Want Some Answers ???
Nice of you to reply,
>>When browsing your web site I picked up, rightly or wrongly, that you believed that faith was all that was needed to obtain eternal life.<<
Maybe I said it wrong. We are not saved by our 'faith' but by God's grace. Here's the idea - "For it is by grace you have been saved, through faith--and this not from yourselves, it is the gift of God-- not by works, so that no one can boast. For we are God's workmanship, created in Christ Jesus to do good works, which God prepared in advance for us to do." [Eph.2:8-10]. I take it from this that 'good works' [ie Bible reading/study church, prayer, charity, alms giving, etc] result from those who have true faith - not in order to gain 'eternal life'. You wrote,
>>I consider this idea to be inconsistent with Bible teaching because it ignores clear teachings of the scripture as follows: "Greater love hath no man than this, that a man lay down his life for his friends. Ye are my friends IF YE DO WHATSOEVER I COMMAND YOU." John 15:13-14 This clearly specifies a condition.<<
Jesus doesn't say, "You shall obtain eternal life if ye do whatsoever I command you". And what is His "command"? John 15:12 - "My command is this: Love each other as I have loved you." So, we are His "friends" by keeping His command to love one another. But in order to become His "friends" we first need to be 'born again' [Jn.3:6 1 Pe.1:3]. So 'eternal life' remains "the gift of God" [Rom.6:23] and obedience flows from a heart of love, not in order to earn 'eternal life'. The GIFT is what Christianity is all about. God provided salvation. The world thinks Christianity is all about working for the PRIZE of salvation [it's the other way around].
Some have 'a condition' list for God's pardon. Ie, they work for salvation. But good works cannot be the whole, or even part of righteousness before God. Because, the righteousness, which can be approved of before the tribunal of God, must be absolutely perfect and in all respects conformable to the divine law. Our best works in life are all imperfect and defiled with sin. So 'forgiveness' means that God, for the sake of Christ's satisfaction will no more remember my sin. Nor my corrupt nature against which I have to struggle all my life long. But He will graciously impute to me the righteousness of Christ; that I may never be condemned before the tribunal of God. You wrote,
>>"Faith without works is dead." "Ye see then how that by works a man is justified, and NOT by faith ONLY." James 2:20 &24. This also clearly shows that faith alone is not enough. James Refers to those who claim to have faith but do not because their faith is dead because it is not accompanied with works.<<
The "faith" James describes is a fake faith. Many claim they are Christians with no evidence in their life and actions. Note 1:26 "If any man among you seem to be religious..." Their 'faith' is not real. Jas.2:14 "though a man say he hath faith". James is a book written not merely to believers but also to those who profess to believe. They were "brethren" after the flesh [Cp.Rom.9:3-4]. They needed to be saved. Many today claim to believe in God [but are not genuine]. Many observe ritual, the law, diet, religion, customs, yet they need to be saved. James is saying, "I will show thee my faith by my works" [2:18].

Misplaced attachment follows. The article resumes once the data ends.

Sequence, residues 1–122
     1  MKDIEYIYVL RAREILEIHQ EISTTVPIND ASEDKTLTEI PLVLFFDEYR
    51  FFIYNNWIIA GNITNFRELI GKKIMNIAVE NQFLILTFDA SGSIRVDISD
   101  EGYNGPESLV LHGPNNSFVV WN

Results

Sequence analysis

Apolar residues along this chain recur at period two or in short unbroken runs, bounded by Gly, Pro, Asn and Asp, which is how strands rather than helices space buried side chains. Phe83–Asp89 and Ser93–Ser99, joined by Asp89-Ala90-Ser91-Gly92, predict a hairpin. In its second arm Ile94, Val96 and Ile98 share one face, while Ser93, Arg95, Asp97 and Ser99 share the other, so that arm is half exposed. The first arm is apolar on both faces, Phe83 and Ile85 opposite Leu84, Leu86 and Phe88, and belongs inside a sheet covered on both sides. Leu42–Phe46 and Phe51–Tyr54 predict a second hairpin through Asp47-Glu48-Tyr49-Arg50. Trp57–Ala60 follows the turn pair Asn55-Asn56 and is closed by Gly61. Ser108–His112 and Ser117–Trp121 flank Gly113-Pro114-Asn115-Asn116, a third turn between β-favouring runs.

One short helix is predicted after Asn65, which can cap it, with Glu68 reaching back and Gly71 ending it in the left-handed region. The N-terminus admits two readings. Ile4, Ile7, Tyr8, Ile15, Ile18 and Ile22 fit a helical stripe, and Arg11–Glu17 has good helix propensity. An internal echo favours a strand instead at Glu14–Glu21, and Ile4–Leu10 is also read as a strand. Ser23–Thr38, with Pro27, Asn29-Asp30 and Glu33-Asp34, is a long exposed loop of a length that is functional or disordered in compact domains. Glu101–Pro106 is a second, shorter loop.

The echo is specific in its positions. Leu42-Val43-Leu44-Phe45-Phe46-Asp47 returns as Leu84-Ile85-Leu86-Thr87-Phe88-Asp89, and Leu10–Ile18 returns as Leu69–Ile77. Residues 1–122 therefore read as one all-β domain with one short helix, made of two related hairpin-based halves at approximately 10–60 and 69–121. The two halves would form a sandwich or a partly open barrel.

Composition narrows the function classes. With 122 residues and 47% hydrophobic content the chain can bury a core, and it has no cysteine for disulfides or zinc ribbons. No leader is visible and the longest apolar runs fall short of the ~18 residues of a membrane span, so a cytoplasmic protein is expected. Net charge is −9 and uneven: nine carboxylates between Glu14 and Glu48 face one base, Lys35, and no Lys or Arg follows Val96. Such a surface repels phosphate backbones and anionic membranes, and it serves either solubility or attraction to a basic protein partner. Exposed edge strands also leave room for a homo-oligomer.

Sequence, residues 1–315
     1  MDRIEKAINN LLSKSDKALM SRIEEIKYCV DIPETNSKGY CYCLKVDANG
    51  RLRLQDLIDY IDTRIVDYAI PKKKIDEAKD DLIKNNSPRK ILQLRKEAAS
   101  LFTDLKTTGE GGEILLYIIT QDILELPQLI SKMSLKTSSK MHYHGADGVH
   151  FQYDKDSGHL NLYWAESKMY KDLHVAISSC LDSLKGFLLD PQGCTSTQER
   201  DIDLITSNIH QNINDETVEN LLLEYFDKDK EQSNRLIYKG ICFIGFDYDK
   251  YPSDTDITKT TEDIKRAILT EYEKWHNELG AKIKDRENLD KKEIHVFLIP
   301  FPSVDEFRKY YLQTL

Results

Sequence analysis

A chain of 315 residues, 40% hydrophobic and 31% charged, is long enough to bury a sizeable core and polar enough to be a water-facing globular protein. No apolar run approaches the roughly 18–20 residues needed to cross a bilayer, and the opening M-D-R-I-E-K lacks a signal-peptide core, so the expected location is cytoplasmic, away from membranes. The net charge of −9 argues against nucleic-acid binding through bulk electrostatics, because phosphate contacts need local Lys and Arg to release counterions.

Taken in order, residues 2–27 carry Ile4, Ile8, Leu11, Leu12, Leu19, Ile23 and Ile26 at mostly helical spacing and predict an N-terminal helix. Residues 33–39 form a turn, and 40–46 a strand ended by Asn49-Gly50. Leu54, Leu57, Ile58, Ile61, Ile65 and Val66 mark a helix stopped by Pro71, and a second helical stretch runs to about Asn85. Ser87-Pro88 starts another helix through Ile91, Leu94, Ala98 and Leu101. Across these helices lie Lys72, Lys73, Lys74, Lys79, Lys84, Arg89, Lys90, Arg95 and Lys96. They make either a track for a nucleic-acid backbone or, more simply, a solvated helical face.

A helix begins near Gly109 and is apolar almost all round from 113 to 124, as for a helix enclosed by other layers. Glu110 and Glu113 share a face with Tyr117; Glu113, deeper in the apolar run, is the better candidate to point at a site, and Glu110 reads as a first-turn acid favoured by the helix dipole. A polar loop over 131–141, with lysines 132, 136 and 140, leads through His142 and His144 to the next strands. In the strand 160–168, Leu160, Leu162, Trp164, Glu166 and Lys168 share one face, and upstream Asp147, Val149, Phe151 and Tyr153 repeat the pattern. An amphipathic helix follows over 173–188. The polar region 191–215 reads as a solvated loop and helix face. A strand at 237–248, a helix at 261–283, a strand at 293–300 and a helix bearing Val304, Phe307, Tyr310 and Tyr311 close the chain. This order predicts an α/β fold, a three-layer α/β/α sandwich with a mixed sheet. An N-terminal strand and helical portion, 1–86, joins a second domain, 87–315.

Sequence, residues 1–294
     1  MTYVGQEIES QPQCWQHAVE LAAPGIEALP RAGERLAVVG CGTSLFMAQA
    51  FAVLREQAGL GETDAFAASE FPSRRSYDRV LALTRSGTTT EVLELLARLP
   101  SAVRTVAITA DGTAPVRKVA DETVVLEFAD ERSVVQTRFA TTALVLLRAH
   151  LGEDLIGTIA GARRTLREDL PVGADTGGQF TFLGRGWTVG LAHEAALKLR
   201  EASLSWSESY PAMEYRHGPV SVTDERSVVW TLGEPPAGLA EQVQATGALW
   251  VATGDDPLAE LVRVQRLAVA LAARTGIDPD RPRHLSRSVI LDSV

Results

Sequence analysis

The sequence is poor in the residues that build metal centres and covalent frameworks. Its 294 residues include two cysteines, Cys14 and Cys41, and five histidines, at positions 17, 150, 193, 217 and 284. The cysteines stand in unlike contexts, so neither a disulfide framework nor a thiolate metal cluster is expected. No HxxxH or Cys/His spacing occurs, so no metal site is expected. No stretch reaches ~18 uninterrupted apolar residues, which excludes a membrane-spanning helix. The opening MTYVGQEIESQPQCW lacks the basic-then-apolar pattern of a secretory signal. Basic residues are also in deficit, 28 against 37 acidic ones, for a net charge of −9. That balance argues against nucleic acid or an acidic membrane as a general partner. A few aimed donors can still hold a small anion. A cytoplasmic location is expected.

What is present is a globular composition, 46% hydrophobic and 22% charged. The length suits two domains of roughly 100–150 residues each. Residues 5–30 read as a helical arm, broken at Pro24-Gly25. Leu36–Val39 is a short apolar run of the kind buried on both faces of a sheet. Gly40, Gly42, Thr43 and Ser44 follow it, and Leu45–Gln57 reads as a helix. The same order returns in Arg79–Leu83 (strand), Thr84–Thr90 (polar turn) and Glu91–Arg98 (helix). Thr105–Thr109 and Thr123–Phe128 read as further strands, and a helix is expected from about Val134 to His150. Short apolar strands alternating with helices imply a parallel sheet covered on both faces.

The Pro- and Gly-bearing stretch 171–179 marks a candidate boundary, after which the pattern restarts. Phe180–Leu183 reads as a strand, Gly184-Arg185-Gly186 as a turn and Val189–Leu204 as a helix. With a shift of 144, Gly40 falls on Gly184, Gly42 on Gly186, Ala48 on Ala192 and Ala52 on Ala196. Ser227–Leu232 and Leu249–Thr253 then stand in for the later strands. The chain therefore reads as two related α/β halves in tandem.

So James does not conflict with Paul, he uses words differently. For example -
For Paul - "works" - these cannot earn salvation.
For James - "works" - these flow from genuine faith.
For Paul - "faith" - trust in Christ's atonement.
For James - "faith" - one who claims to have faith.
For Paul - "justified" - not by good works.
For James - "justified" - to do good works.
>>P.S.Regarding your comment concerning Luke 18:30, Here it states that mankind receive everlasting life In the world to come, not now.<<
Then would that contradict John 3:36, 1 John 5:11-13? Surely not. Peter had reminded the Lord that they had left their homes and families to follow Him. Jesus replied that such a life of sacrifice is rewarded liberally in this life, and will be further rewarded in the eternal state. The later part of verse 30 ["and in the age to come eternal life" RV] does not mean that eternal life is gained by forsaking all; but it refers to increased capacity for enjoying the glories of heaven, and "the full realization of the life that had been received at the time of conversion".
If salvation is insecure, how could Jesus say about those to whom He gives eternally life, "they shall never perish" [Jn.10:28] ? If a person receives eternal life then forfeits it through sin or apostasy, will they not perish? And by doing so, do they not make Jesus words a lie? You wrote,
>>(or is ever lasting life different from eternal life?)<<
One scholar of NT Greek writes, "In the Greek the two words are exactly the same - zoen aionion. The KJV translates them "eternal life" and "everlasting life" [R.Earle Word Meanings in the NT. Baker Book House 1988 p.84].